How did we manage to set the good pattern bases in design and development efficiency? As part of Web Energy Archive, the Green Code Lab organization measured the power consumption of over 700 websites. What came out is a correlation between the resources consumption and the website’ complexity (scripts, number of requests in a page…). Other points were noted, which allowed to demonstrate that, on average, the consumption of a page in a minimized tab (non-displayed on the screen, hence no interaction), represents about 1 Watt of power on a workstation that doesn’t even display the page (so it doesn’t include consumption of requests sent to servers and supplying the network with traffic!). Avoiding such useless consumption is pretty easy to realize, you can just ask the developer to plan a data processing termination whenever the user isn’t looking at the browser tab.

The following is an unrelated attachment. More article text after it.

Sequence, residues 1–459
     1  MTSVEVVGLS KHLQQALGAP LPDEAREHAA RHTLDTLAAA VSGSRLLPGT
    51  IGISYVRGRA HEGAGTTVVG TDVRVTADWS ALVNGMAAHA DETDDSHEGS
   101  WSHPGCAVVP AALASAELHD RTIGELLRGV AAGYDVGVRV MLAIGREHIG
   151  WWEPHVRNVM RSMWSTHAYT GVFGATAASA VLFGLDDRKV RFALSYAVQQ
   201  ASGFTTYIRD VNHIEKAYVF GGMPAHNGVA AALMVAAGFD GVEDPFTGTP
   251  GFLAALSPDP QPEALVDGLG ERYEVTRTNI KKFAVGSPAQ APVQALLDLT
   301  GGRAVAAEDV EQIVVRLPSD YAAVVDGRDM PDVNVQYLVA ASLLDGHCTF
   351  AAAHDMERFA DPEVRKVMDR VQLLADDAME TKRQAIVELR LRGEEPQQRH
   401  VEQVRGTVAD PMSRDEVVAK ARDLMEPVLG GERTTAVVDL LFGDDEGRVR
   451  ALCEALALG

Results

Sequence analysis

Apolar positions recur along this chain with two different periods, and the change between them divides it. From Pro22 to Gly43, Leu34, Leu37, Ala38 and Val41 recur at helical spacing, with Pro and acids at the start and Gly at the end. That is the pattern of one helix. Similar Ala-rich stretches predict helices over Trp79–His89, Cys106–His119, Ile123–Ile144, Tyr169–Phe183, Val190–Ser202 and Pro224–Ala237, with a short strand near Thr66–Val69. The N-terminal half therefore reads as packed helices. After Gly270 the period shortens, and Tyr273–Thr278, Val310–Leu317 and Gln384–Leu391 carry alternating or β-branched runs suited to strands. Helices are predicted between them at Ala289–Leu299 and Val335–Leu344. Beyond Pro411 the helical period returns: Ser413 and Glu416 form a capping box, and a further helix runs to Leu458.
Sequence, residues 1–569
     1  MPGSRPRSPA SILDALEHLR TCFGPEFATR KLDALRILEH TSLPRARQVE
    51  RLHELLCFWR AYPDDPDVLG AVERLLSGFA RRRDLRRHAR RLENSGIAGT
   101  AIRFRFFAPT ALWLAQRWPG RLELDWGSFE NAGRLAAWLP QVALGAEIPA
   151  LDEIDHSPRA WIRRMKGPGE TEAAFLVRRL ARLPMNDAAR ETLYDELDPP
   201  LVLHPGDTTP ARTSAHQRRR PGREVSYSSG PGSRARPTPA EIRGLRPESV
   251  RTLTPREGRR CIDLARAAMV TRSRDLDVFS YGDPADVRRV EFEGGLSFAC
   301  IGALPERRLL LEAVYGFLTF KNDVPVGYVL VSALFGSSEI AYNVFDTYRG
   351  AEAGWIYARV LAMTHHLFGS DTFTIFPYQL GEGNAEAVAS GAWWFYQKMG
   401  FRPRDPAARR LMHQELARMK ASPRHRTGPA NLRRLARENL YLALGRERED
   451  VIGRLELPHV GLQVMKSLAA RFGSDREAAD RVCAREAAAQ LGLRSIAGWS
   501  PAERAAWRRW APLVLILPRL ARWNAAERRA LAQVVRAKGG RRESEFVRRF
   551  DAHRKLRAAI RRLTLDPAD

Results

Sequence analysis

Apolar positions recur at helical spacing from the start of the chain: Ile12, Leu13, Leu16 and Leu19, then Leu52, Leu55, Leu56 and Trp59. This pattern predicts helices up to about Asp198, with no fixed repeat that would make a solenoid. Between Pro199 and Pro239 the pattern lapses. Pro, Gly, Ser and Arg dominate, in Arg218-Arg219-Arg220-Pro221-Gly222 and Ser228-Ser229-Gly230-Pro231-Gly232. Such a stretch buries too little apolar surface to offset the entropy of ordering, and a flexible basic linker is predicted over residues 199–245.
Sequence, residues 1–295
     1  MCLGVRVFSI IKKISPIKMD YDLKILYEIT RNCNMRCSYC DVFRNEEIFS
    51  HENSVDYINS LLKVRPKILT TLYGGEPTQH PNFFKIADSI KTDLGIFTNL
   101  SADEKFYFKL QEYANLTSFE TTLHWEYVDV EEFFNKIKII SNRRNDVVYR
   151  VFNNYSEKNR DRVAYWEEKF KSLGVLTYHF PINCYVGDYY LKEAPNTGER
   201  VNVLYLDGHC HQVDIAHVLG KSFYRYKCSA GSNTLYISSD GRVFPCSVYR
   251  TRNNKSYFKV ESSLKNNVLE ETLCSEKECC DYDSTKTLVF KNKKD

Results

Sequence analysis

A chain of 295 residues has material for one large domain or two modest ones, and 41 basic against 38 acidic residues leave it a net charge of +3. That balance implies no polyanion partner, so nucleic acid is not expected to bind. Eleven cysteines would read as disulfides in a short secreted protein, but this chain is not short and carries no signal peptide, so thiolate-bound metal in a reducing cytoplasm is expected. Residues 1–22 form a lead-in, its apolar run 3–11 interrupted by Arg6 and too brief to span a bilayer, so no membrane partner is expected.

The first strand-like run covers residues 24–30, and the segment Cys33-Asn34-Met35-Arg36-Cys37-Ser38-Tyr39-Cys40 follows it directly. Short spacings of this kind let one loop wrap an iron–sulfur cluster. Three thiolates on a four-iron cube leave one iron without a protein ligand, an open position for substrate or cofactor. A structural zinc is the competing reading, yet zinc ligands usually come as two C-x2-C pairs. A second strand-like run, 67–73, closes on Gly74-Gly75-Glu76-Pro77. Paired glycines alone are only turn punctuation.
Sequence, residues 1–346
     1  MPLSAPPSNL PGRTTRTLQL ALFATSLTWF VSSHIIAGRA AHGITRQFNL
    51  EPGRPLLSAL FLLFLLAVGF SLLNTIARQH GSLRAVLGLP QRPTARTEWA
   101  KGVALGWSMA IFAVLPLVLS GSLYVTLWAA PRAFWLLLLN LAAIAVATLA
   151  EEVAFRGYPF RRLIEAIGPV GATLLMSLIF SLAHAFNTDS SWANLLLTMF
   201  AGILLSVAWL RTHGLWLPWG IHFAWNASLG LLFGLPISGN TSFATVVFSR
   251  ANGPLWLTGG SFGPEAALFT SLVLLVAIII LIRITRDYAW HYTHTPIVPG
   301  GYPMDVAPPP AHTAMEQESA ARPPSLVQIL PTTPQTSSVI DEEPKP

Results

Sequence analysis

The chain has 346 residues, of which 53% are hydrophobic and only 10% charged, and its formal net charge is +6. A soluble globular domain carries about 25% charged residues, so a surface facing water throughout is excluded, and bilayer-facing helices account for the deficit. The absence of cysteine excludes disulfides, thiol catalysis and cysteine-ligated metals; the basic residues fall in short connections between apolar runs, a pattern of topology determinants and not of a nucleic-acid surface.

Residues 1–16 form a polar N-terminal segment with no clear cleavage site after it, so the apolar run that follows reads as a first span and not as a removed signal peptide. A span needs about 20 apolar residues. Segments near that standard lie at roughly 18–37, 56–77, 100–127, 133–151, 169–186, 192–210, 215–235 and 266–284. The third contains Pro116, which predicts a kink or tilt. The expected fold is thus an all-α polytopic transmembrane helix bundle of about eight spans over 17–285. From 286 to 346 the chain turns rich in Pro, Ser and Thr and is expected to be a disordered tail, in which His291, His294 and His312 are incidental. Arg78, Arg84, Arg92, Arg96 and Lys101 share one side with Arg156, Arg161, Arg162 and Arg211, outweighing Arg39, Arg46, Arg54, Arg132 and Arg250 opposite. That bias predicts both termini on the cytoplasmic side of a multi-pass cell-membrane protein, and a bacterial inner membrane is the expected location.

In 2017, over 50% of web info and services are accessed on a mobile phone, under constraints of service, smartphones’ battery, limited data depending on phone plan… All reasons for a web content editor to be interested in this subject and watch its pages otherwise there is a threat of losing audience and consumers that are looking for instantaneousness.
Companies are slowly starting to integrate this process in their software factory, with interesting gains they forgot the past years. In « digital factory » or « mobile factory », the main stake is not to miss the digital transformation of organization, by providing a flawless user experience, (understand here mobility performance and productivity) key aspects in a project success.